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Ceyhun Kerti
Ceyhun Kerti

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Anyone else intolerant of html inside javascript? yes i mean React

A lot of people use react for web development and mobile. It is a really cool framework.
I don't want to be the one, but i can't stand writing or seeing html inside js. Even further that i don't like html, xml, or any *ml with opening and closing tags.

That's why my preference is;
Vue with pug template language.

In Vue you can separate html, js and css clearly.

I haven't write anything large scale in react, but as far as i know,
you can separate template and js to some level but at the end there is always a mix of js and html somewhere in the same block, which makes me uncomfortable :)

How do you get used that?, or is it only my obsession :)

Top comments (57)

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drmandible profile image
DrMandible

There is no separation in react. Non html infused js would be considered vanilla js or vanilla html that works with the react bits. But that's all intentionally part of the "declarative" style that fb wanted for react.

I'm curious why it bothers you. Is it the MVC violation? Or something else?

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ceyhunkerti profile image
Ceyhun Kerti

no not technically, it just feels weird visually.

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dorshinar profile image
Dor Shinar

"feels weird" doesn't sound like a solid argument to me. I really like react so I'm a little biased here.

The separation in react is simply different - you don't separate logic and structure by using different languages, but by using different components.

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ceyhunkerti profile image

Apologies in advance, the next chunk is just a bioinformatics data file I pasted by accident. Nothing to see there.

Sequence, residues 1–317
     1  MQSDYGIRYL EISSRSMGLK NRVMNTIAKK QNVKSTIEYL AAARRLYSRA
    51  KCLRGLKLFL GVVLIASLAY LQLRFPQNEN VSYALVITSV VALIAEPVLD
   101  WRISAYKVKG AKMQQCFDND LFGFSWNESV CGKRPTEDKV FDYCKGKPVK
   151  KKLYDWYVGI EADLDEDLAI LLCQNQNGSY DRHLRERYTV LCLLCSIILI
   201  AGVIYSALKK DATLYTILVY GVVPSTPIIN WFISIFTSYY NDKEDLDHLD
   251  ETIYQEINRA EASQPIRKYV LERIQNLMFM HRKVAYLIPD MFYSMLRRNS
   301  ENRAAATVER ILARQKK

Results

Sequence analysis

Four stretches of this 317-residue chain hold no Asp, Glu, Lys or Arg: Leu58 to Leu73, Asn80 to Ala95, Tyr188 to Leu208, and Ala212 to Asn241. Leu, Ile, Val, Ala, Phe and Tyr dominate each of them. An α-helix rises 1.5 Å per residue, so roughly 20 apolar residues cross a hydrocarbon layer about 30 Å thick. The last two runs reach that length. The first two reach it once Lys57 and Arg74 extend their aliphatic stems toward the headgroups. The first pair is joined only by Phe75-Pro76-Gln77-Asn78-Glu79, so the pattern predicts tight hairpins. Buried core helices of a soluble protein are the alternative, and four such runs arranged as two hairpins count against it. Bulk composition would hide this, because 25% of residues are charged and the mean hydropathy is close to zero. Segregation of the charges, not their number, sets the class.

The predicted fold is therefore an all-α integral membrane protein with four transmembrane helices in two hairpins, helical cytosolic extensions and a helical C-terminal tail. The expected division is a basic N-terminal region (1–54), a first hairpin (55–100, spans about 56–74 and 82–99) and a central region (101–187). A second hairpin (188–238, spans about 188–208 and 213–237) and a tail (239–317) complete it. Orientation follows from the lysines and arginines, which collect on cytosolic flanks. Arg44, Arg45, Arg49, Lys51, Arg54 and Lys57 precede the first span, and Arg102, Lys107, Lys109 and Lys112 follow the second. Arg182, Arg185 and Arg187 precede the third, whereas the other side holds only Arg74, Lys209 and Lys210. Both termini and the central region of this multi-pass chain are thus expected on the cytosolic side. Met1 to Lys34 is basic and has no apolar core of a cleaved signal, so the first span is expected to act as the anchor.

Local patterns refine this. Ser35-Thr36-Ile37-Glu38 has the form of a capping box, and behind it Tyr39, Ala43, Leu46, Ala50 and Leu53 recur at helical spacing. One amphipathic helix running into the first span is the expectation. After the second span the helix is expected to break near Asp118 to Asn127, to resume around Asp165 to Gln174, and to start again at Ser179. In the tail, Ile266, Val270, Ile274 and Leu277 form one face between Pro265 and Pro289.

Ceyhun Kerti

Don't get me wrong, there is nothing against react here. It's perfect. But combining html and js in the same code is visually not attractive for me.

I'd like the code to be clear visually and when using/reading react i feel like;

Ok, here is my speech, some words in Spanish and some in French but overall meaning is so deep and touchy :)

As i said it's very personal, the framework itself is very powerful.

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dorshinar profile image
Dor Shinar

It takes time to get used to. I've never tried Vue (although I definitely should, with all the hype), but honestly it makes the DOM so much more powerful (that's what I feel anyway) and easy to work with.

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marcellothearcane profile image
marcellothearcane

'Feels weird' is a valid excuse if you're going to work on a large code base that isn't all your code. The cognitive load will cause frustration that gets in the way of working.

I suppose that's why there are so many different frameworks - everyone has a different concept of what is most natural to them.

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ciel profile image
Ciel • Edited

"Feels weird" is how an inexperienced developer describes coming across code smells that they're beginning to become skilled enough to identify but can't fully explain.

I think it's an extremely valid argument and I encourage you to explore that feeling thoroughly.

You may discover that you're wrong but you'll come out a better developer than one who just accepts what they are told. A big difference in a good developer and an "ok" one is knowing when to ignore the "rules" and really look at something objectively.

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dorshinar profile image
Dor Shinar • Edited

To me, "feels weird" in this context is more related to someone not being familiar with the tools than anything else. For someone new to Python, "ask for forgiveness not permission" might "feel weird".

Unless you can better express what you mean, "feels weird" is void.

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wilomgfx profile image
William Cantin • Edited

Not sure how clearer JSX can be?

It's declarative and in your face. You understand how it will render by just looking at what JSX is returned.

Sure it looked weird at first, but once you work with it a bit you understand it's power and why JSX is JSX

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silentsudo profile image
Ashish Agre

I also feel weird this blend, hence never tried react at first place angular and vue js seems to be doing good for me.

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jperals profile image
Joan Perals • Edited

Me too. I have used a bunch of template-based tools (AngularJS, Angular, Polymer, Vue) and then React for a while and, while I am getting kind of used to the latter, I am still struggling to understand why it is so popular. I find the template-based approach preferable because it:

  • Lets you write code that is near-identical to the end result (more straightforward, less cognitive load)

  • Similarly, lets you more easily make use of the browser inspector